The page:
• Name and email address of the faculty advisor that will accompany the team.
  • Number of teams you would like to enter

A response to your application will be sent by email. 

Teams accepted into the competition must send a second email to rbusch@sjcny.edu listing the addresses and names of the team members as they would like them to appear on the certificate of participation (maximum of three per team) by May 8, 2017.

Faculty advisers are encouraged to work with a group of candidate team members. Although a maximum of three students may actually compete, others may work with the group prior to the competition and may serve as an alternate if needed. 

A school may enter more than one team. If the total number of teams entered exceed the number we can accommodate, a team will be eliminated from the school, or schools, who have entered the most teams on an last-entered-first-out basis until the total number of teams is consistent with the number we can accommodate.

Procedures and Schedule

Competition Day Procedures
SJC Long Island

The day will begin with a registration period in the Business and Technology Center (BT) building, and end in the late afternoon after a post-completion meal and an awards ceremony. During the contest refreshments, WIFI access, and the competition scoreboard will be available to the faculty advisors in room 1-10 of the Business and Technology Center (BT) building.  The schedule for the day is given below.

Competition Day (May 24, 2017) Schedule

10:45-11:30 a.m. • Registration
Second floor (level 1) of the Business and Technology Center (BT) building

11:30 a.m.-12:10 p.m. • Pre-competition briefing
McGann Conference Center, located on the third floor of O'Connor Hall

12:15-2:45 p.m. • Contest
Business and Technology Center (BT) building

2:45-4 p.m. • Meal and Awards
McGann Conference Center, located on the third floor of O'Connor Hall 

4-4:30 p.m. • Awards

Sample Problems

Programming Environments

The following development environments will be available:

Microsoft Visual Basic.NET 2013 Console Applications ONLY (click for example)

MS Visual Studio.NET 2013 C++ console application (click for example)

NetBeans Version 8 - Java (click for example)

All environments will run on a Windows PC platform. The documentation on the C++ and Java AP classes will not be available.

Awards

Each participant will receive a Certificate of Participation.
Plaques will be awarded to each member of the first, second and third place teams.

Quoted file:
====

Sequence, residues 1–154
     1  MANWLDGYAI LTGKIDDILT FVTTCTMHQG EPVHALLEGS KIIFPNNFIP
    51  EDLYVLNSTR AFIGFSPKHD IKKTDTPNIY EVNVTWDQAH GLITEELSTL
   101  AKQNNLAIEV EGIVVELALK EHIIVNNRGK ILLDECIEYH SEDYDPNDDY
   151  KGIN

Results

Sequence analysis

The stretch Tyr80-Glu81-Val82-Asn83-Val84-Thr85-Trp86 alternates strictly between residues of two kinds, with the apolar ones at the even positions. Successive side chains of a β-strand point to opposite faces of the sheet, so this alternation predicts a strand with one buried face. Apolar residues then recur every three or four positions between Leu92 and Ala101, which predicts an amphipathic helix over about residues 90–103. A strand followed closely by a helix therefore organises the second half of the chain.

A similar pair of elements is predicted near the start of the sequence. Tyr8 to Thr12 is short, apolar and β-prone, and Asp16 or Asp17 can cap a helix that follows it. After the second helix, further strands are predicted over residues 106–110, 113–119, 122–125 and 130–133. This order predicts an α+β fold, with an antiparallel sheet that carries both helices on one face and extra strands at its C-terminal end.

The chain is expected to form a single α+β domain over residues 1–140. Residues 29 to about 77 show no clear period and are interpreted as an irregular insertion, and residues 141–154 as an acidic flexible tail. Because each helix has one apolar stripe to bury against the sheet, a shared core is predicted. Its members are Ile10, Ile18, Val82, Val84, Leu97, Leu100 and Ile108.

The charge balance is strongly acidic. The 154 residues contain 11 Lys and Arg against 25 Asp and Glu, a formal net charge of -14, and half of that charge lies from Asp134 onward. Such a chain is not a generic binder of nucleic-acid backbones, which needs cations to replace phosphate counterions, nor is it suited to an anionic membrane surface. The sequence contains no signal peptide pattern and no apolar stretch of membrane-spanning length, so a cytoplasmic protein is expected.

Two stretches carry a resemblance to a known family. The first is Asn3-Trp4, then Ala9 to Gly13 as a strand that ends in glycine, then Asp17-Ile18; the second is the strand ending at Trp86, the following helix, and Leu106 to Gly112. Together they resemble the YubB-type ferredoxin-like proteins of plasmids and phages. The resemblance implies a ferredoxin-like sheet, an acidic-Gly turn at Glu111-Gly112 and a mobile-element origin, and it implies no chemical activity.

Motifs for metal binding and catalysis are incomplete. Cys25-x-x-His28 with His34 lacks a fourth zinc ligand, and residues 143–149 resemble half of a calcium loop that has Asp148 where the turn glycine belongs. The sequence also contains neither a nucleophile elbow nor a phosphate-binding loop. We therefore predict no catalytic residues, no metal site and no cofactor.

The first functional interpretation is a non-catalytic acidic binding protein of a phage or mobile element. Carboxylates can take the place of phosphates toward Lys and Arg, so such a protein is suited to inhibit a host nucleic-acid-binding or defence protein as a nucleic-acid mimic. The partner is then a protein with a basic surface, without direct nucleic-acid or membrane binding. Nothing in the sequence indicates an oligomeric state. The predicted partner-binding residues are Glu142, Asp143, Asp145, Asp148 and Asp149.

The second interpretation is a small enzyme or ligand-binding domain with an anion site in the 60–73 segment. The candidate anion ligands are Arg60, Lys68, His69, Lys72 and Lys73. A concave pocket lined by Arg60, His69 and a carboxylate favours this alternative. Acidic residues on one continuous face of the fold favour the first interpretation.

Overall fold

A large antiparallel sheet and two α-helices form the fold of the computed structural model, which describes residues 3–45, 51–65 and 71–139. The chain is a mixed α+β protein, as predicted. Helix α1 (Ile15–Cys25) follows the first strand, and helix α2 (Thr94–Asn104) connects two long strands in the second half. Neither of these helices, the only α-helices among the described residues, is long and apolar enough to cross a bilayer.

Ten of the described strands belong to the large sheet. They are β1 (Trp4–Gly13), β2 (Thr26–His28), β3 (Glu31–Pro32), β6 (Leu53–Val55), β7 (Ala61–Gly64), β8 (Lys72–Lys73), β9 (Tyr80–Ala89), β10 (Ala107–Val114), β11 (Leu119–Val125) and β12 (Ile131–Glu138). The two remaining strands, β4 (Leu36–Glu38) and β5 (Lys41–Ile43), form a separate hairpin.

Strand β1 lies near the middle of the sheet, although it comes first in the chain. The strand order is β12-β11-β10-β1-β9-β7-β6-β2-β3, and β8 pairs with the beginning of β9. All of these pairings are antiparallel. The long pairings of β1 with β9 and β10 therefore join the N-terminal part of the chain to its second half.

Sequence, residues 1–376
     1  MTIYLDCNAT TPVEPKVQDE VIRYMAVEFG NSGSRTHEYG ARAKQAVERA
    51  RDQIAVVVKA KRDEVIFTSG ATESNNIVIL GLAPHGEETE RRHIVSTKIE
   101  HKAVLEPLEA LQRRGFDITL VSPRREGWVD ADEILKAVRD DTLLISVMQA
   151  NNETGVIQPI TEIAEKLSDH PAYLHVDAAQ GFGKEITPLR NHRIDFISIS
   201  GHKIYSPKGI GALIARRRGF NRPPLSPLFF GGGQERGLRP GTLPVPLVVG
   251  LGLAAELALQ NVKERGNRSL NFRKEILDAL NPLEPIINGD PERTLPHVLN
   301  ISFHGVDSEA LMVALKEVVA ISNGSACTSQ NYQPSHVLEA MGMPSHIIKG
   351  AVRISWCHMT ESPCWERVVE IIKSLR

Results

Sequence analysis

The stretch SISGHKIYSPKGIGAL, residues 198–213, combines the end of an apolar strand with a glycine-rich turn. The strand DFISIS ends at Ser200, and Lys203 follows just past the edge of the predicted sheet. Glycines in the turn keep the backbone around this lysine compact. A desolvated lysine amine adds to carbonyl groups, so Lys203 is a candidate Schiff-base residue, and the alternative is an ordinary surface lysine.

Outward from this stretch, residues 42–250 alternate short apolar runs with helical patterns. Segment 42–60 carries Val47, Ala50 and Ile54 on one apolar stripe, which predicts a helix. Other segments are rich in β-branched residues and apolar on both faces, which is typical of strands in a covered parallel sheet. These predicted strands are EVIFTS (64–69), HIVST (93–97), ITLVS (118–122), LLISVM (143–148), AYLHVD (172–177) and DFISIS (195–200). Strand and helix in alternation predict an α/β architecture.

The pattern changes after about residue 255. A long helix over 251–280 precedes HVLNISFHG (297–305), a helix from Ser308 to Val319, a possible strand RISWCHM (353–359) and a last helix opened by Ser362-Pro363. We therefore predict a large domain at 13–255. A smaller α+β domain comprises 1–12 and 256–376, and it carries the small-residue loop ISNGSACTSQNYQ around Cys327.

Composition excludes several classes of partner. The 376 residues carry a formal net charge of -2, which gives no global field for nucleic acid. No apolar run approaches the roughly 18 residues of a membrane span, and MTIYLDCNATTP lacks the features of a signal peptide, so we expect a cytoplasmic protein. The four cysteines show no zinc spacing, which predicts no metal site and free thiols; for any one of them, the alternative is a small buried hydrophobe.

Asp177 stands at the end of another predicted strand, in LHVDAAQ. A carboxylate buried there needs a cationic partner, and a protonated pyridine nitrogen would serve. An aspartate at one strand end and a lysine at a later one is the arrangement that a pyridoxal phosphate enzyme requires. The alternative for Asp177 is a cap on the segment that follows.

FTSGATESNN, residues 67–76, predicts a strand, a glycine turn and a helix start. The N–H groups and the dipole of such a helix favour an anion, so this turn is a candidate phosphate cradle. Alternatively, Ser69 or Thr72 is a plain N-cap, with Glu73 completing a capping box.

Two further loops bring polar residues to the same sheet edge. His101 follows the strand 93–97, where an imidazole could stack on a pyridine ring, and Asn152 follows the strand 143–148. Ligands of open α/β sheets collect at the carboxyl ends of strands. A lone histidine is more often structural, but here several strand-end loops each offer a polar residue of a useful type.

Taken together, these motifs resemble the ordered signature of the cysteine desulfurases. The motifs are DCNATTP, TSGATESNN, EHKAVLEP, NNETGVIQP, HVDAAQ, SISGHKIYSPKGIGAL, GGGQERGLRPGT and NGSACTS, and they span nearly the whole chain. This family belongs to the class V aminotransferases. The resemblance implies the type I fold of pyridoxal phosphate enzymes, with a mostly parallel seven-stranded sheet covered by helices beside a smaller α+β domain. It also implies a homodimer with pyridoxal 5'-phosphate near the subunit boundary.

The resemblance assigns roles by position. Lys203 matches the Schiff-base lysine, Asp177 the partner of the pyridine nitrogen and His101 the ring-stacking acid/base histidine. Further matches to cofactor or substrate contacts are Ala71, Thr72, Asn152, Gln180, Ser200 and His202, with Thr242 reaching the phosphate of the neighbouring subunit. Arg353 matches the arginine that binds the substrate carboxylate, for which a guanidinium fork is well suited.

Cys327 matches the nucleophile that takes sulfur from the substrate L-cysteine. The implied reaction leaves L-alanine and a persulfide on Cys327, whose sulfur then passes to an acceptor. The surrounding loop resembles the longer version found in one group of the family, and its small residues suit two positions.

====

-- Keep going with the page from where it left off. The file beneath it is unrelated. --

The name of the winning school will be engraved (archived) on the competition trophy and the trophy will reside at the high school for the next academic year.
Prize money will be awarded as follows: 

  • 1st place $250 per team member
  • 2nd place $150 per team member
  • 3rd place $100 per team member

Flyer

St. Joseph's College Greater New York Regional Computer Programming Competition

Your school is invited to participate in a programming competition:

Who?       A team of up to 3 high school students

When?     Wednesday, May 24, 2017 beginning with registration at 11 a.m. and ending with dinner

Where?   SJC Long Island

How?       Enter a team on Monday April 3, 2017. Check the website for specific details, rules, and sample problems
                Email questions to: programmingcompetition@sjcny.edu

Why?      Fun, prizes and and academic challenge!

                Contact your computer teacher for details!

Winners

2001 Ward Melville High School
Stephen Dawson-Haggerty, Sam Gambrell, Nathan Luryi

2002 Longwood High School
 Timofei Gerasimov, Craig Pratka, John Zhao

2003 Smithtown High School
Alec Berntson, Dan Friedman, Steven Melendez

2004 Smithtown High School
Orie Alpern, Nick Gallo, Frank Scarfo

2005 Smithtown High School
Orie Alpern, Nick Gallo, Frank Scarfo

2006 Half Hollow Hills High School East
Zach Goldberg, George Leontiev, Ryan Zelen 

2007 Half Hollow Hills High School East
Joshua Nackenson, Zachary Stolzenberg, Ryan Zelen

2008 Plainview Old Bethpage High School 
Michael Maxant, Theodore Tzanetos,  Daniel Weisz

2009 Bethpage High School 
Kyle Dayton, Stephen Kappel, Kevin Sackel

2010 Half Hollow Hills High School West
Levent Alpoge, Brandon Kessler, Alexander Mastrogiannis

2011 Bethpage High School 
Jerry Kim, Agop Shirinian, Christopher Stratis

2012 Stuyvesant High School
Blake Elias, Vinay Mayar, Mikhail Ruddy

2013 Stuyvesant High School
Benjamin Kurtovic, Joshua Hofing, Sebastian Conybeare

2014 Stuyvesant High School
Calvin Lee, Gideon Leeper, Philip Steinmann

2015 Oceanside High School
Daniel Adler, Matthew Crocco, Michael Lucido 

2016 Stuyvesant High School
Yicheng Wang, Dennis Yatunin, Charles Zhang

2017 Ward Melville High School
Henry Nelson, Kyle Sferrazza, Andrew Kirillov